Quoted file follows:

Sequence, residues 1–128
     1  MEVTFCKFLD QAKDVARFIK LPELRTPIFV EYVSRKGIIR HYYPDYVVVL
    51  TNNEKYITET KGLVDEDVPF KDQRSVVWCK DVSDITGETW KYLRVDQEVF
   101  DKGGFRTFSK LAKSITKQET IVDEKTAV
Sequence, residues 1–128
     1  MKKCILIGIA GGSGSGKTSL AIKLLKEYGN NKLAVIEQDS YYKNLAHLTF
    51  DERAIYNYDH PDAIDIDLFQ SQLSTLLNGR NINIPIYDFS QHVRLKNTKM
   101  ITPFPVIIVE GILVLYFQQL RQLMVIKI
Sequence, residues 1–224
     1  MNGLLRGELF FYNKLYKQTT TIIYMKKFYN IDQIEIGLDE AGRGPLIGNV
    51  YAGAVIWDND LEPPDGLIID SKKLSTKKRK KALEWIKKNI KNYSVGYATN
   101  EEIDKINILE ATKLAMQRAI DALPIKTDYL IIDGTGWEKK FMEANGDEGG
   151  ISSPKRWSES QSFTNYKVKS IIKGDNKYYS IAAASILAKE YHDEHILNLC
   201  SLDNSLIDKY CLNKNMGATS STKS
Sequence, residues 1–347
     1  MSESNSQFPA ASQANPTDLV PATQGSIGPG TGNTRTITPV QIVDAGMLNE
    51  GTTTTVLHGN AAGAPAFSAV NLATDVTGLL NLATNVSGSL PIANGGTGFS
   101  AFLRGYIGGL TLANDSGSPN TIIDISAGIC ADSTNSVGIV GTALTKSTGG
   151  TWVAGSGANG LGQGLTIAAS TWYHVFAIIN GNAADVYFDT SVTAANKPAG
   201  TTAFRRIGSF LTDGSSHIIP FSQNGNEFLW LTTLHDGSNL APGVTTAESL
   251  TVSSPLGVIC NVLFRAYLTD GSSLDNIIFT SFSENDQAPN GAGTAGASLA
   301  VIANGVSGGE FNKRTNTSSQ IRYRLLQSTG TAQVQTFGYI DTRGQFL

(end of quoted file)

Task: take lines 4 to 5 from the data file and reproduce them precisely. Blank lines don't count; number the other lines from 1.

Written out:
   101  DKGGFRTFSK LAKSITKQET IVDEKTAV
Sequence, residues 1–128